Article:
Law could alter golf courses’ tax bills

A law being considered by state legislators would make it easier for municipalities to win assessment challenges by the owners of golf courses.

The legislation, A.6444/S.4420, would allow passage of local laws to stipulate that golf course property tax assessments be based on the property’s highest and best use, rather than the property’s current use as a golf course. Local laws would have to be passed no later than 60 days before the assessment rolls are completed and filed.

Thus far, the state Assembly’s Real Property Taxation Committee has voted in favor of the legislation by an 8-1 vote.

No action has been taken in the state Senate. Similar legislation was proposed during the last legislative session and was not passed.

According to the legislative memo, there are varying types of golf courses, each with varying types of business models and economic returns. The bill’s author, Assemblywoman Sandy Galef, D-Ossining, wrote in the legislative memo accompanying the legislation that courses typically don’t sell on the open market, which makes basing a property assessment on a sales comparison approach unreliable. An income approach is the generally accepted approach to valuing golf courses, but Galef wrote that it often requires reliance on per-round fees paid at neighboring courses.

Per-round fees are difficult to make an adequate comparison of country clubs and smaller courses since a country club receives has many more ways to make money than does a smaller course through membership fees, food service and other amenities that small courses do not have.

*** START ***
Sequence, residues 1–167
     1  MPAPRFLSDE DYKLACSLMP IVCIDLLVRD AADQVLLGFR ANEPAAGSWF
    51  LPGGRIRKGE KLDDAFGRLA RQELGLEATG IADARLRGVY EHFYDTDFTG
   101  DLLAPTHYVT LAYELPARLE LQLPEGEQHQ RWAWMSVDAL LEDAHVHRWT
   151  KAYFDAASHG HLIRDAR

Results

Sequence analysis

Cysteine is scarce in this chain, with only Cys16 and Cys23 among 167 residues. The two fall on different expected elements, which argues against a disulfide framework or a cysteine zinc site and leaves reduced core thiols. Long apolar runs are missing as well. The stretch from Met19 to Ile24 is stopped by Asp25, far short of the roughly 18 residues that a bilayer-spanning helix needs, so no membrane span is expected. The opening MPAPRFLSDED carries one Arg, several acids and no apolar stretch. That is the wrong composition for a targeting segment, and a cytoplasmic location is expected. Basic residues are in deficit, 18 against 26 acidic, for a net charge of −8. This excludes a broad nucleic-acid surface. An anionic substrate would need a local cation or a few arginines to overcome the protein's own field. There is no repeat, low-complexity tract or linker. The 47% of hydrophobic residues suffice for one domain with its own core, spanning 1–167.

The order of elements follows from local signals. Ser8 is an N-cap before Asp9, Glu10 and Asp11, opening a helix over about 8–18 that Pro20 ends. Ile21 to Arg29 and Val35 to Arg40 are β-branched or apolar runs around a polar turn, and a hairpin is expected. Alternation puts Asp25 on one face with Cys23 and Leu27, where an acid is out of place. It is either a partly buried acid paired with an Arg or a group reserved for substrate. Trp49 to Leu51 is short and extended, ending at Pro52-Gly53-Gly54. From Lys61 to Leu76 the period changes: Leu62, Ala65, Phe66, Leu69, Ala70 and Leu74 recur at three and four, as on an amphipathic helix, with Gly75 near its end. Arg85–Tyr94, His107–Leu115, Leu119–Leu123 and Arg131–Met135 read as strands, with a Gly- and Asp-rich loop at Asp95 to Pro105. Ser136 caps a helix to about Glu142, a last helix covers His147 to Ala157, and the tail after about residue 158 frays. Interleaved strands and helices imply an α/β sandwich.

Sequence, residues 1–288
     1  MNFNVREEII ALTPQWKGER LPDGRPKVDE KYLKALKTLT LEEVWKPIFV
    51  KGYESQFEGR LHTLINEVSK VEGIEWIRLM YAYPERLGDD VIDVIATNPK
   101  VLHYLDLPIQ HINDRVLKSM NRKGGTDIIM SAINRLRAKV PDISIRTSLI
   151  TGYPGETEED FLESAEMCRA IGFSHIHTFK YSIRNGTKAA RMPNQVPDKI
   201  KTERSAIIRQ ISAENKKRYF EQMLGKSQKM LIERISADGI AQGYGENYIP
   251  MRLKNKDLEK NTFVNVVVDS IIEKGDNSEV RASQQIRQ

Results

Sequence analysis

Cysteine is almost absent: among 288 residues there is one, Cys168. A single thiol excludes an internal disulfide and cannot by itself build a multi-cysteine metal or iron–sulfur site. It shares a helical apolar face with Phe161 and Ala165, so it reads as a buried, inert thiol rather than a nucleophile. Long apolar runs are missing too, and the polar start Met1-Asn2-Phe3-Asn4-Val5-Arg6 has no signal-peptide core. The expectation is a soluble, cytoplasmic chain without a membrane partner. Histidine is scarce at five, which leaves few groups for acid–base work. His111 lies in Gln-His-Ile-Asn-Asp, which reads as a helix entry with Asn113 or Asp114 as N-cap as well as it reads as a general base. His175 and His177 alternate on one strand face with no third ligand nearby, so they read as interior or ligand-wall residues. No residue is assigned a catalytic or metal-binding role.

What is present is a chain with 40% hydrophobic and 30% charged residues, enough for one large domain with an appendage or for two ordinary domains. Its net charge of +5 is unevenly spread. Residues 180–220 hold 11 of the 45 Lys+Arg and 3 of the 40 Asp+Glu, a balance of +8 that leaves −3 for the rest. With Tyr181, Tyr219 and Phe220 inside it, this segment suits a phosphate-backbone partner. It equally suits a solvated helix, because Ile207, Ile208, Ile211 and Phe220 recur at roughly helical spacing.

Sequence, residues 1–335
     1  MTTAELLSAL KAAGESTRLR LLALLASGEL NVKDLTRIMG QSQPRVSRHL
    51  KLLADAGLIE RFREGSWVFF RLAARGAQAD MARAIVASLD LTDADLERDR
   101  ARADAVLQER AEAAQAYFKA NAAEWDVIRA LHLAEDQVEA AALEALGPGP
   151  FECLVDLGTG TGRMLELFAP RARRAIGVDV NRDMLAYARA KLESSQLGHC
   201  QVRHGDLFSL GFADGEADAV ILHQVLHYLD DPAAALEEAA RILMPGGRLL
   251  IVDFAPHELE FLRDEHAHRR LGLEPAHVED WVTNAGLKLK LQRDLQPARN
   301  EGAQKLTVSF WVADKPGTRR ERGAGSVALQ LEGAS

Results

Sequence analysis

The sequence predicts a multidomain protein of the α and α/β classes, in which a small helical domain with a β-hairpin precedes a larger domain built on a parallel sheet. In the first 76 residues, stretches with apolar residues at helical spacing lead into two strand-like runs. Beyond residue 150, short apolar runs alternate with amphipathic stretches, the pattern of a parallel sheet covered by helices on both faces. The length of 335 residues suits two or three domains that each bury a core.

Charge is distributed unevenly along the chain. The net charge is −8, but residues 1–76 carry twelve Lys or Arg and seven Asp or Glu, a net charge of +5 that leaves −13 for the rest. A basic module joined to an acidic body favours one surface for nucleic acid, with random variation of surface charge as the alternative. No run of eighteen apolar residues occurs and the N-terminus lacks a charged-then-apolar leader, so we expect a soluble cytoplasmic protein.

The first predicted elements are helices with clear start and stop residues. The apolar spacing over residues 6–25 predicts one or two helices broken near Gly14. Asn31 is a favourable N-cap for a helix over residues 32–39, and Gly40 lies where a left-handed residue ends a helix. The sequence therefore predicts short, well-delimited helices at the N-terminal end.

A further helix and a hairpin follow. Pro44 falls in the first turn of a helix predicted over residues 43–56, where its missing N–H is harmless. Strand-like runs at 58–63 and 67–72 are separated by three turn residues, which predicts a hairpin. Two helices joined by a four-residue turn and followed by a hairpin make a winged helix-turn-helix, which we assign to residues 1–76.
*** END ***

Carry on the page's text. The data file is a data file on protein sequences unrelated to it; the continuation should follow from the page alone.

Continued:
“In other instances, such as a member owned not-for-profit golf course, the cash flow and revenue of the club may be unimpressive,” Galef wrote. “However, the property may be located in a prime-real estate area where developers are willing to pay a premium for developable land. Such value is not considered in these assessments.”

The legislation would give communities an option to assess golf courses based on their highest and best use, which is defined by the Appraisal Institute as the “reasonable probable and legal use of vacant land that is physically possible, appropriately supported, financially feasible and that results in the highest value.

“This appraisal principal allows the consideration of other economically profitable uses of a property when determining its value,” Galef wrote. “For the valuation of golf courses only, it could be used by assessors, at local option, to provide a more accurate assessment of the property. This legislation provides another option for communities to explore should they have a golf course(s) that they feel is being assessed at the wrong value.”

John Whittaker is editor of the Post-Journal, an Enterprise sister paper in Jamestown, southwest New York.

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